Distorted Love: Mapplethorpe, the Neo/Classical Sculptural Black Nude, and Visual Cultures of Transatlantic Enslavement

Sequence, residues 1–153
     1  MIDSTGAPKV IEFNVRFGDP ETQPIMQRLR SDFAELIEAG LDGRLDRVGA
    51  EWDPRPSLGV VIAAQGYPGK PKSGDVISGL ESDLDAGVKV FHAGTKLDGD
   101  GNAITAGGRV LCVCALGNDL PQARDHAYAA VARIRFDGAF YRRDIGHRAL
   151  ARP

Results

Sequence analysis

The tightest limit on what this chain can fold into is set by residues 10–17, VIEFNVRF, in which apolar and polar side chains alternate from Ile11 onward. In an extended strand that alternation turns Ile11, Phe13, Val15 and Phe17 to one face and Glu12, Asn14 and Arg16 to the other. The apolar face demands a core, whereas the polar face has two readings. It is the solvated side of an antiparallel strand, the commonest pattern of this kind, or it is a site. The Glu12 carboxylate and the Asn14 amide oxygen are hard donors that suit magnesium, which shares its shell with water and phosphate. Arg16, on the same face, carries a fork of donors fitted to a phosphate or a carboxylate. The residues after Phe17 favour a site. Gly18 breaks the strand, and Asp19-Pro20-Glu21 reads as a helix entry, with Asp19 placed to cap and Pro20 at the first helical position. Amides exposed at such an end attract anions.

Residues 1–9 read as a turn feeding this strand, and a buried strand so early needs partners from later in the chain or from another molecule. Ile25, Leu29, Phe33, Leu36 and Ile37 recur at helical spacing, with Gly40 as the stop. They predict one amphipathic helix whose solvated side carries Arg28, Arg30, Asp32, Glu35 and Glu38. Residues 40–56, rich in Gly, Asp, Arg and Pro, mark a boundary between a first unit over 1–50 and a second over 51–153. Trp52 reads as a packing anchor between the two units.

In the fall of 2016 and the winter of 2017, the Montreal Museum of Fine Arts exhibited a retrospective of photography by Robert Mapplethorpe (1946-1989) entitled “Focus: Perfection.” Tenets of queer possibility exhibited in the “Sculptural Body” portion of “Focus: Perfection” depicted a white modernity that reproduced the biopolitics of the transatlantic slave trade among contemporary white and Black queer peoples in America—namely, in New York’s queer community—through the reinforcement and circulation of imagery depicting sexualized Black peoples in psychic and physical bondage. With his photographs depicting the body parts of Black men, Mapplethorpe reifies the biopolitics of the transatlantic slave trade in two ways. First, the classical use of marble as sculptural material, or in Mapplethorpe’s case the neoclassical use of photographed skin as sculptural material that references the classical use of marble, adheres to aesthetic principles devised from Western, colonial discourse that sexualize and degrade Black bodies. Secondly, Mapplethorpe reproduces what Michal Hatt has called a “structure of spectatorship. By constructing Black men’s bodies in inherent opposition to whiteness, no matter how idealized, it is a white audience that is presumed as the patron of Mapplethorpe’s sculptural photography of Black men. Given the themes of sadomasochism throughout Mapplethorpe’s photographs of Black men, these images outright reference fantasies of domination from an era transatlantic enslavement in the U.S. With “Focus: Perfection,” the MMFA unwittingly condoned Mapplethorpe’s portrayal of Black men in chattel bondage, available to be owned by Mapplethorpe’s presumed white viewership through intimate knowledge of, and control over, their bodies and sexual lives.